Home > Art and Architecture, Art Institute of Chicago, Books, Photography > Playing with Pictures: The Art of Victorian Photocollage

Playing with Pictures: The Art of Victorian Photocollage

Long before Photoshop and Scrap-booking; long before Dadaists and Surrealists incorporated collage into their art, the women on England’s upper class created ornate works, mixing the new medium of photography with painting and drawing.

In the exhibition “Playing with Pictures: The Art of Victorian Photocollage”, currently on display at the Art Institute of Chicago Metropolitan Museum of Art, Elizabeth Siegel curates an exploration into a time and the inner circle of this privileged class.   These albums the aristocrats were creating tell fantastical stories, taking us into their world of literature or society.

"Butterfly" by Marie-Blanche-Hennelle Fournier

The technology of photography had been around for 20 years by the time these women began to create the works, but the advent of the “carte de visite” allowing for numerous images on one negative, increasing the amount of images available and they began to share the images with others.  The artists began to place those photographs in playful settings surrounded by hand painted worlds.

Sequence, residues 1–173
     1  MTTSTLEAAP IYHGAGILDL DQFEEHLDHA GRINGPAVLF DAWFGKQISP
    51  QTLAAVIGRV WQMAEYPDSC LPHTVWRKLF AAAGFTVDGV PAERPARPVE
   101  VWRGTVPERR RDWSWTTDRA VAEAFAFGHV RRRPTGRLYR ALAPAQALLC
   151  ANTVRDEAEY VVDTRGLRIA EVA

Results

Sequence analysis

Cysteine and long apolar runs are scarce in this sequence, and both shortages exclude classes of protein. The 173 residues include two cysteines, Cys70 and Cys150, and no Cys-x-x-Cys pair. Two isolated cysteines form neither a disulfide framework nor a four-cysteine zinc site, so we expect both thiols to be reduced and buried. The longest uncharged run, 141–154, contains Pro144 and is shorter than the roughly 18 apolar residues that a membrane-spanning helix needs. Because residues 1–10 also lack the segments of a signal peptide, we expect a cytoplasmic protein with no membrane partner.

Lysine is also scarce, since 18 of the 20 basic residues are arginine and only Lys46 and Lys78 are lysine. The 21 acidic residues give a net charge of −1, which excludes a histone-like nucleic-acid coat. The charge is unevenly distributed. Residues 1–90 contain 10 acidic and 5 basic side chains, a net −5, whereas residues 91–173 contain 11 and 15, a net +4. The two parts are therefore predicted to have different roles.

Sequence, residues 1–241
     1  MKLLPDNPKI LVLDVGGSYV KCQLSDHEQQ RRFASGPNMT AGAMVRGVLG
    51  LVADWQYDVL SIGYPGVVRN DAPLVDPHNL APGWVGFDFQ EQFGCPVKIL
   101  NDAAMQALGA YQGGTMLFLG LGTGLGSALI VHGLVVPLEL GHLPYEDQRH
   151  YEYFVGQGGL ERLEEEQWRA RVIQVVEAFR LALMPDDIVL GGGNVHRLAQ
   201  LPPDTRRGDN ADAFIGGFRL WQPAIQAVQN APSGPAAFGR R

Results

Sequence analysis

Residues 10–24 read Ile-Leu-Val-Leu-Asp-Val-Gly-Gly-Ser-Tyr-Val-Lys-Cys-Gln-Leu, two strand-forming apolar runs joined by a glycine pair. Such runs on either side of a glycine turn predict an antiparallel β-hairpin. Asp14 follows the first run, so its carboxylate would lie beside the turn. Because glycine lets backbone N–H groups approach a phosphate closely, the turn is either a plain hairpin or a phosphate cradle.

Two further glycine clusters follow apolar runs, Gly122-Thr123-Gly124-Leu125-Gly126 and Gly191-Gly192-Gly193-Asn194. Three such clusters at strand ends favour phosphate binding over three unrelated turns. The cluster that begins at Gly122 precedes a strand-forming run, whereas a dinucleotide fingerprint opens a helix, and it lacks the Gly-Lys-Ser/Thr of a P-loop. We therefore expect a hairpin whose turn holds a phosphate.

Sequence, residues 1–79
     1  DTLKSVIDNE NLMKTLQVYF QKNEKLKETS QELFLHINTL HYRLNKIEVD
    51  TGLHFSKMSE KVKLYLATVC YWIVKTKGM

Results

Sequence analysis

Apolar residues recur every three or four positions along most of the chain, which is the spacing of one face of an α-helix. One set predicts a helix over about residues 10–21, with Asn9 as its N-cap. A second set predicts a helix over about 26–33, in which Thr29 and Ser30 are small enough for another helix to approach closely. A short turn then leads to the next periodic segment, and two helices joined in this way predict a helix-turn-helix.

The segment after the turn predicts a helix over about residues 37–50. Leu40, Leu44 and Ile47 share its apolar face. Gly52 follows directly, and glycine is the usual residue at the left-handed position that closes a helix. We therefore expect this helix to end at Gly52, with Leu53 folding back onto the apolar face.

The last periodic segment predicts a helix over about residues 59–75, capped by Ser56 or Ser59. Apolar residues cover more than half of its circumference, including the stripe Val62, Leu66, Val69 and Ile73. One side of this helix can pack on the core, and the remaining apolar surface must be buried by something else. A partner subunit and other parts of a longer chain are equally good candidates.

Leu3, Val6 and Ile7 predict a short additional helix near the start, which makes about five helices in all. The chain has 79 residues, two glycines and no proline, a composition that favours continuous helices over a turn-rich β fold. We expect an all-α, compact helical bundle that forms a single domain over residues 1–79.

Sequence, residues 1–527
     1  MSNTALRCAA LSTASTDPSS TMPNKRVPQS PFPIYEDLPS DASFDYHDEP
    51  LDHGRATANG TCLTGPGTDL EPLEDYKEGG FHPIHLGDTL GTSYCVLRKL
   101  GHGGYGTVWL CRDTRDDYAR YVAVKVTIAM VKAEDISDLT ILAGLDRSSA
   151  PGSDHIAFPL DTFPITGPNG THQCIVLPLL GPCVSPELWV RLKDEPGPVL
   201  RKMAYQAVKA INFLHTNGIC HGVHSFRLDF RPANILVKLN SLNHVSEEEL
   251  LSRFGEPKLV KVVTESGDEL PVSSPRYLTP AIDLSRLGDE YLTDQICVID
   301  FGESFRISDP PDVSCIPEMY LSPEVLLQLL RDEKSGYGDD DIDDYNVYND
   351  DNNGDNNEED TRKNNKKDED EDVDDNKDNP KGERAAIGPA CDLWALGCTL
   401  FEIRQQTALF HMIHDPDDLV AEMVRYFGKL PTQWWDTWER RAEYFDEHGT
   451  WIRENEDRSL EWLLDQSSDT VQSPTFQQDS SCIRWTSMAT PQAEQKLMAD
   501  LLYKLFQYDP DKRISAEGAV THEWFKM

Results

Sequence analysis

Lacking the heft of the surrealists’ messages, the works are a mixture of Terry Gilliams’ animation for Monty Python and the scrapbooking craze.   Heads on playing cards, as bubbles floating in the air and on the bodies of ducks, the images show a whimsy not often equated with Victorian Society.

The exhibition, “Playing with Pictures: The Art of Victorian Photocollage” continues through January 3rd at the Art Institute of Chicago before heading to the Metropolitan Museum of Art in New York.

The exhibition, “Playing with Pictures: The Art of Victorian Photocollage” continues through May 9th at the  Metropolitan Museum of Art in New York.

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  1. January 2, 2010 at 7:21 pm

    Great show! Saw it on Dec 31. I wanted to rush home, get my sketchbook and found photos and get to it!

    • January 2, 2010 at 8:04 pm

      I had not seen anything like either and what personal albums one could make of life. I thought of doing the same thing.

  2. March 23, 2010 at 8:24 pm

    The catalogue for the exhibition is also gorgeous and a keeper. Happy to have found this blog!

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